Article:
4: Specialty languages: Ada, FORTRAN, COBOL, ABAP, and others are still around, and one can make a living knowing them because they are not going away anytime soon.

Comment Re:False premise (Score 5, Interesting) 501

The PC isn't dead. There are just a bunch of people in marketing divisions which -want- it dead, because they want to replace the commodity priced item with free OS choices and privacy settings that the user can choose with a device that has to be tossed in 1-2 years, dumps telemetry data 24/7 with the user unable to a single thing about it, and requiring all transactions to go through some type of gateway, where they guard it, and do their best to monetize every transaction. This is a damn good deal for the tablet maker. It doesn't do much for the consumer.

This type of lockdown isn't new. About 12-13 years ago when Windows Mobile smartphones were used, Sprint only allowed signed applications on their devices, and one had to pay several thousand dollars to play in their ecosystem.

PCs are not going away anytime soon. I doubt there will be a tablet that has decent GPU performance that can handle two 4k monitors. In the PC world, $350 gets you a card that can easily handle this task.

Comment Re:Conservatives need to realize cheating occurs (Score 1) 125

A friend of mine has a rural Texas cabin that he visits in his campervan. The cabin is small, small enough that the A/C unit can run from the van's generator (a 2500 watt Onan.)

The winds are not great, so all of his stuff is solar. The carport has a roof tilted south and is covered with panels, about 3KW worth. The batteries are Iron Edison (NiFe), about 2000 amp-hours, with a self watering system and box with fans in it that are thermostatically controlled. He also has an inverter, and a battery charger, so if his van's generator is running to run the A/C, it also helps with charging the batteries.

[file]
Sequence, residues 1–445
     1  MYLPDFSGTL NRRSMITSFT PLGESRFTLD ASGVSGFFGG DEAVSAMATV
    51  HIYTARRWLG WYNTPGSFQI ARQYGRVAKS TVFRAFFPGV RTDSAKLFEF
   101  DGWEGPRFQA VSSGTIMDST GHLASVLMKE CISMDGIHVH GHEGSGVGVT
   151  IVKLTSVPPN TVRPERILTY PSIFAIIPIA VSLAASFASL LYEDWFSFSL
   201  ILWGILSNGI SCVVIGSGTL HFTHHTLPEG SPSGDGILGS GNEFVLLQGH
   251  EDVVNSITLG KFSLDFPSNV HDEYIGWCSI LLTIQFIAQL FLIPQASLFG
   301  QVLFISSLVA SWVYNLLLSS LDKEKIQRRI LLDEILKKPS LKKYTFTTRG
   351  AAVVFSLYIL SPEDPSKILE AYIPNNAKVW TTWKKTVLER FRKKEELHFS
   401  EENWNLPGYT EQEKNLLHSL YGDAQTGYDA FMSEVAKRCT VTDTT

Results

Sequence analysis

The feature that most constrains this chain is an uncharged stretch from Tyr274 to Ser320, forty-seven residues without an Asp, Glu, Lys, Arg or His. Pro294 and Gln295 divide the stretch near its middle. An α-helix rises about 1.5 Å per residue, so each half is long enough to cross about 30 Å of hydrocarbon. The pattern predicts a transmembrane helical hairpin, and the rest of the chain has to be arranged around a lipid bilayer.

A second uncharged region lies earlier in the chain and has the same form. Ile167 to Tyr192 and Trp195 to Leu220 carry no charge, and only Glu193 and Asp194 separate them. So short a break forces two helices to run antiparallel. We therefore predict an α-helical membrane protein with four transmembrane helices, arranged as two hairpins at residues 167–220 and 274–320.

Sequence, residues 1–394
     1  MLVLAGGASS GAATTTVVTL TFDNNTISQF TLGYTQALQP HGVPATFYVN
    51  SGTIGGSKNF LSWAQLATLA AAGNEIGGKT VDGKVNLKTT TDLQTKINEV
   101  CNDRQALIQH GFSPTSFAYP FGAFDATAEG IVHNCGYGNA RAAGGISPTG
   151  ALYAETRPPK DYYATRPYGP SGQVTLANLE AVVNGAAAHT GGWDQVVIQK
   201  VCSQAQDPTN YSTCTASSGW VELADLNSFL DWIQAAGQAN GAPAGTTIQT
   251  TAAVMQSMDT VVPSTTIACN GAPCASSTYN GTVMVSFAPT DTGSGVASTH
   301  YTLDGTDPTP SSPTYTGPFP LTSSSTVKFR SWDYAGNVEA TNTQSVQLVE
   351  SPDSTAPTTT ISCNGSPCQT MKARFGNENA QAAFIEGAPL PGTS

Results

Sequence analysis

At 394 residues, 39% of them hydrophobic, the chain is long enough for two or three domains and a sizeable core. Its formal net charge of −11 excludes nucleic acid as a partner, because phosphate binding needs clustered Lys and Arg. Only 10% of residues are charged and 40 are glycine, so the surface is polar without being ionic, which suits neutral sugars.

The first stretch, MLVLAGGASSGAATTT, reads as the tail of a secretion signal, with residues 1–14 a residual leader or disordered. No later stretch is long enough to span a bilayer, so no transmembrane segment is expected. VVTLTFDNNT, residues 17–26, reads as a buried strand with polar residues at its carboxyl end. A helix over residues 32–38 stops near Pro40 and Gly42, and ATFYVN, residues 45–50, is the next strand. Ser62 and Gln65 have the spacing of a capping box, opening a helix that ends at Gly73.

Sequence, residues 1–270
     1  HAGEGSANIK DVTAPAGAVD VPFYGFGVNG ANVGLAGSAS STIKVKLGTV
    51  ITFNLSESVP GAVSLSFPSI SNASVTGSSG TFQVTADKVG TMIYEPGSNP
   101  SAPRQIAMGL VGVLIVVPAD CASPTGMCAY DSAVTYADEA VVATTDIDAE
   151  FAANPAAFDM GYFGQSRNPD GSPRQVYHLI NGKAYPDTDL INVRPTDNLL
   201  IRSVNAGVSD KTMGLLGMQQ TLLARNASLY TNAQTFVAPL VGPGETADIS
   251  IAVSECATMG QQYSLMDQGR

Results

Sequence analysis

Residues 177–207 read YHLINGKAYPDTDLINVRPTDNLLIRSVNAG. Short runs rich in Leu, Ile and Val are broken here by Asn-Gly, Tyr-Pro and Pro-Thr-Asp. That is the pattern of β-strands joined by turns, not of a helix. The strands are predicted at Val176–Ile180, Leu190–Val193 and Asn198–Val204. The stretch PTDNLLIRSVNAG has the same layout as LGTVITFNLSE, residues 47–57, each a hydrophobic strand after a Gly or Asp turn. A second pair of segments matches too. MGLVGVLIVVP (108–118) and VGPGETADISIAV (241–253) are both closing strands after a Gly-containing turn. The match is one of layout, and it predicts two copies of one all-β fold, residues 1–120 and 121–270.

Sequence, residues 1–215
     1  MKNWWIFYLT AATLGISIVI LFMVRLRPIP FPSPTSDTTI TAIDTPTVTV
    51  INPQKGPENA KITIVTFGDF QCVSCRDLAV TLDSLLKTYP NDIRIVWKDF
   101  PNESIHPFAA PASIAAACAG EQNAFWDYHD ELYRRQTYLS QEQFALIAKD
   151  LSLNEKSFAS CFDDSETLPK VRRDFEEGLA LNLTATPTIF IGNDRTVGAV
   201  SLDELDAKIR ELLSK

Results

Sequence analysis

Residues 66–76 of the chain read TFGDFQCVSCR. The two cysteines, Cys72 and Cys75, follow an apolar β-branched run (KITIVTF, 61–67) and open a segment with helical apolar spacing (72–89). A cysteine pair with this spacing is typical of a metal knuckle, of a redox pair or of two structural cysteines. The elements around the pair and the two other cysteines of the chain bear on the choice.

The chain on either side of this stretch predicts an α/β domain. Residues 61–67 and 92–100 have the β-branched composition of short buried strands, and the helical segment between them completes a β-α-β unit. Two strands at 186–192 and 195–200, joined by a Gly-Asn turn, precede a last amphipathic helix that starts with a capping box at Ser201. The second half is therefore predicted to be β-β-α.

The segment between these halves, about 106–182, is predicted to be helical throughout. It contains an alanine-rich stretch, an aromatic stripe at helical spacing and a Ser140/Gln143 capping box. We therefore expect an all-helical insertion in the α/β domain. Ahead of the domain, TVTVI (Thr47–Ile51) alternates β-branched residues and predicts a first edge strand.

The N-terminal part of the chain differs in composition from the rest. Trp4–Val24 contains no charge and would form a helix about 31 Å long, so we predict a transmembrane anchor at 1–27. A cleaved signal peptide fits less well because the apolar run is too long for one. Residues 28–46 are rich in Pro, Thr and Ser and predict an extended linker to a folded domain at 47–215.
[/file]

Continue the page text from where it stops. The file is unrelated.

It is pretty cool how much a set of panels can run. If it were not for the need for A/C, the entire cabin could be completely livable all year just from the panels.

Compared to cooling, heating is relatively easy. A stove like a Kimberly or other efficient model can do wonders with very little fuel needed. Of course, for backup, propane heaters work well.

Comment Re:Conservatives need to realize cheating occurs (Score 1) 125

In my experience, electric cars are wanted regardless of political tastes. Here in Texas, I know a lot of rural people who would love an electric pickup truck. The two biggest advantages of electric vehicles, which are max torque at 0 RPM and zero noise would help things immensely on the farm. The fact that there are fewer moving parts means upkeep is easier. Plus, on larger ranches, there is plenty of room for solar panels, and wind farms are common in the western side of the states.

Of course, having a high wattage inverter connected to the vehicle's batteries can't hurt either. This would allow one to bring a welder to the back 40 without needing to run a loud, smoky generator.

Comment Re:This is nearly-trivial with bluetooth (Score 1) 172

Blackberry has had some hardware/software that they sold, in effort to replace CACs/PIVs with their devices, which did a similar thing. Walk off with your phone, the screen locked. Come back, the machine will wake up and ask for your PIN. They were hawking this for about ten years now.

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Thus spake the master programmer: "Time for you to leave." -- Geoffrey James, "The Tao of Programming"